When I Listen to Yesudas - Nothing But Melancholy

“Yesudas was in love with a very beautiful plump girl. A terrible man tried to rape her. Then Yesudas unsheathed his sword and in a swinging sword fight he killed him. You should watch that sword ‘flight’! What a ‘flight’! No one can beat Yesudas when he is with a sword”. Thankan was strikingly narrating the story of the first cinema that he watched. He was a sixteen years old boy doing odd jobs in our village. He had never attended a school. I was about 10 years old then and Thankan granted me an unhindered account of the village gossips and tidbits on sex. We were wandering around, catching the small fish in the paddy fields and plucking fruits in the wooded hills.

I used to be pleased about his interesting tidbits and stories but his narration of the film story on Yesudas totally disappointed me. Yesudas doing sword fight in films? Not a chance! But Thankan was absolutely certain that it was Yesudas because he sang all the songs in the film in the same voice that we hear Yesudas sing on the Radio. Thankan had mistaken Malayalam Cinema’s most handsome hero Prem Nazir to be Yesudas. And there is no point in blaming him. Yesudas’ voice matched Prem Nazir’s to a surprising degree. What else other than Yesudas’ voice can be the voice of the most handsome man on this earth?

Like many generations of Malayalees, my childhood too was filled with the songs of Yesudas. His was the male voice of most of the Malayalam film songs and devotional songs that filled the air waves of those days. From my early days as a listener of music, I was an ardent devotee of the voice of Yesudas and his singing style. We could not imagine a world that does not resound with the voice of Yesudas. Millions of Malayalees cannot even think of songs without the voice of Yesudas. They call Yesudas ‘the Gift of God’ in the same vein as they call Kerala ‘God’s own country’.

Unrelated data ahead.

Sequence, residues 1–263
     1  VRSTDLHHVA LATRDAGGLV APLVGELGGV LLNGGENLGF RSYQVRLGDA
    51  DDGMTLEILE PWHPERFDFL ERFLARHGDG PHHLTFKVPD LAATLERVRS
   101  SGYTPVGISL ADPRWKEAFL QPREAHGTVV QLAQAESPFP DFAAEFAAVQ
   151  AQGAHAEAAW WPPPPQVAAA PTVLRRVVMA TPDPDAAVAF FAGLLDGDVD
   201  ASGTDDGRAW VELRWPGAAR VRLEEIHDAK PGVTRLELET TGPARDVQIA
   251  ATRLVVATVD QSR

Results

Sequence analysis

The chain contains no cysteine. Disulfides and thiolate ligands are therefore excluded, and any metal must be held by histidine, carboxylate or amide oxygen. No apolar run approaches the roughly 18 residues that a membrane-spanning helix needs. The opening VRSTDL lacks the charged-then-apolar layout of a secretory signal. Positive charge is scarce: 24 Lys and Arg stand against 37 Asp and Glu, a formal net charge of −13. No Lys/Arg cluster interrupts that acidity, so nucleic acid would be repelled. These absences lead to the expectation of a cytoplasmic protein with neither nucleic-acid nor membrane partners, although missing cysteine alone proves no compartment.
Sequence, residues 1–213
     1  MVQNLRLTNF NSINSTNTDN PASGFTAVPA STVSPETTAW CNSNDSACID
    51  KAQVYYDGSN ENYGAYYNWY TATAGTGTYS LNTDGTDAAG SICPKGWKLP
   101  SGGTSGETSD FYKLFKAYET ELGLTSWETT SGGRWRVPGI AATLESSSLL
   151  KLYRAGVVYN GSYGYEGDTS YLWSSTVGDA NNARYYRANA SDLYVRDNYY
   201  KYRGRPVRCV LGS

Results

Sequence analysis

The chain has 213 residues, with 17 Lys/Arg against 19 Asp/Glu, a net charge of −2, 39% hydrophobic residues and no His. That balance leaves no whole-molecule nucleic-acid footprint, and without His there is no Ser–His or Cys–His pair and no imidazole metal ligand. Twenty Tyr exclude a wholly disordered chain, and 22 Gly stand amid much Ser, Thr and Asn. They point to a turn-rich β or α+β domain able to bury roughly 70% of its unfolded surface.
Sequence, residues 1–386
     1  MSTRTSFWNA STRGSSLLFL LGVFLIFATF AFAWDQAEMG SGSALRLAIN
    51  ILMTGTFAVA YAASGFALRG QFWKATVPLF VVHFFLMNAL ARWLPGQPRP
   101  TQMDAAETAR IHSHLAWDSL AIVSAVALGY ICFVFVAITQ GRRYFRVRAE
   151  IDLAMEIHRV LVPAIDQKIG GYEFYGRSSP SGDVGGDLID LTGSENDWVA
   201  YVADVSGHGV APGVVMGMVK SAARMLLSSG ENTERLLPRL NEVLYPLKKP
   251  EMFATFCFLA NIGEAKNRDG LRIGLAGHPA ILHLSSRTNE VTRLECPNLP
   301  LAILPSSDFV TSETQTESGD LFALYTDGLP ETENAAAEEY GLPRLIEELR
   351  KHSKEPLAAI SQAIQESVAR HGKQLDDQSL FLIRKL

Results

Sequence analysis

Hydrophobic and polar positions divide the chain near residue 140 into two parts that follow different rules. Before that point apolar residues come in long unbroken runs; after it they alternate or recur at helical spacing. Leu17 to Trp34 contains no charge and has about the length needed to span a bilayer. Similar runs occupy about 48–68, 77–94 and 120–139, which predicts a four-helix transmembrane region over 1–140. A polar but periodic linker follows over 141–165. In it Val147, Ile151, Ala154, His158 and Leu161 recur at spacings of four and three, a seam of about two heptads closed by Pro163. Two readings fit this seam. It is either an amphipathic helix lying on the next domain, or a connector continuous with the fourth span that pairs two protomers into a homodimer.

In the early 1950s Malayalam cinema songs were mostly rendered by the voices of the likes of Mehboob, Kozhikkode Abdul Khader and K.S. George. Then came Kamukara Purushothaman and K.P. Udayabanu as playback singers and they lasted many years. But none of them could become the Superstar singer. Then entered Telugu playback singers and their domination of Malayalam film industry started. A.M. Rajah, who entered Malayalam film industry as a playback singer in 1953, was accorded the recognition of being Malayalam films’ first star singer. P.B. Srinivas, who came later, also won a big recognition. But all this lasted only till Yesudas arrived on the scene. The reign of Yesudas which started in the early sixties lasted well over forty years. Now well past his seventy, nobody has arrived yet to fill Yesudas’ place.

Towards the end of 1940s, just as Malayalam film industry had begun to sprout, there was a singer- actor called Kattassery Augustin Joseph in Fort Cochin. He was an attractive drama personality who sang and acted in dramas with great panache. He had lived with a dream of becoming a star in the film world as an actor- singer. Though he came by a few chances now and then in films of the early fifties, he could not achieve anything worthwhile in the industry. And before he knew it the age of actor singers came to an end. He lived an impoverished life with his five children. His first son, Kattassery Joseph Yesudas, born in 1940, later became famous as K.J. Yesudas.

Augustin Joseph, who recognized his son’s unique singing talent when he was barely five years old, imparted the early lessons of music to him. He provided him training in music in the hope that his son will reach the heights he could never touch. Yesudas did not disappoint him. At his school, district level and state level, wherever a music competition was held, he was selected as the best singer. But he was nagged by ridicule that he was subjected to as a Christian who was trying to learn Carnatic music.

Yesudas grew up amidst dire poverty. In his later day recollections, he has disclosed that he was expelled from music schools as he was unable to pay the fees. In spite of all that he learnt his music lessons well passing his tests with record marks and multiple promotions. For higher studies he joined the Swathi Thirunal Music College in Thiruvananthapuram. It is said that he was the favourite student of famous teachers in this college like Semmangudi Srinivasa Iyer and Chembai Vaidyanatha Bhagavathar. But he left this college because of his father’s inability to provide for the expenses of his education. Since he did not have a place to stay in Thiruvananthapuram, according to Yesudas’ own later accounts, he had used the garage of Semmangudi for months as his sleeping quarters.